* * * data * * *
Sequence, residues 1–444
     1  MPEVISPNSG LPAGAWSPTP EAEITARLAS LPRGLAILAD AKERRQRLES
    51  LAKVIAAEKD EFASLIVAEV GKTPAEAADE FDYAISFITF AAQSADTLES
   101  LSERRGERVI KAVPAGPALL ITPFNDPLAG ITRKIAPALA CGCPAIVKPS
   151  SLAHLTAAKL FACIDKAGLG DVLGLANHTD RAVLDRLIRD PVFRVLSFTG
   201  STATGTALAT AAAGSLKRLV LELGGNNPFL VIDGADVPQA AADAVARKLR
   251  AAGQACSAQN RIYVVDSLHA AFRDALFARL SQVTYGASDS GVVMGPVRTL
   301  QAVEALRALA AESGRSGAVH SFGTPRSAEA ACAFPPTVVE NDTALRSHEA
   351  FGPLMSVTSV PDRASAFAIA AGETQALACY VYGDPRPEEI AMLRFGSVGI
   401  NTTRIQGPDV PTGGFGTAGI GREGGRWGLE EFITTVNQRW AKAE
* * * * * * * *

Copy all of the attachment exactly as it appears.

Sequence, residues 1–444
     1  MPEVISPNSG LPAGAWSPTP EAEITARLAS LPRGLAILAD AKERRQRLES
    51  LAKVIAAEKD EFASLIVAEV GKTPAEAADE FDYAISFITF AAQSADTLES
   101  LSERRGERVI KAVPAGPALL ITPFNDPLAG ITRKIAPALA CGCPAIVKPS
   151  SLAHLTAAKL FACIDKAGLG DVLGLANHTD RAVLDRLIRD PVFRVLSFTG
   201  STATGTALAT AAAGSLKRLV LELGGNNPFL VIDGADVPQA AADAVARKLR
   251  AAGQACSAQN RIYVVDSLHA AFRDALFARL SQVTYGASDS GVVMGPVRTL
   301  QAVEALRALA AESGRSGAVH SFGTPRSAEA ACAFPPTVVE NDTALRSHEA
   351  FGPLMSVTSV PDRASAFAIA AGETQALACY VYGDPRPEEI AMLRFGSVGI
   401  NTTRIQGPDV PTGGFGTAGI GREGGRWGLE EFITTVNQRW AKAE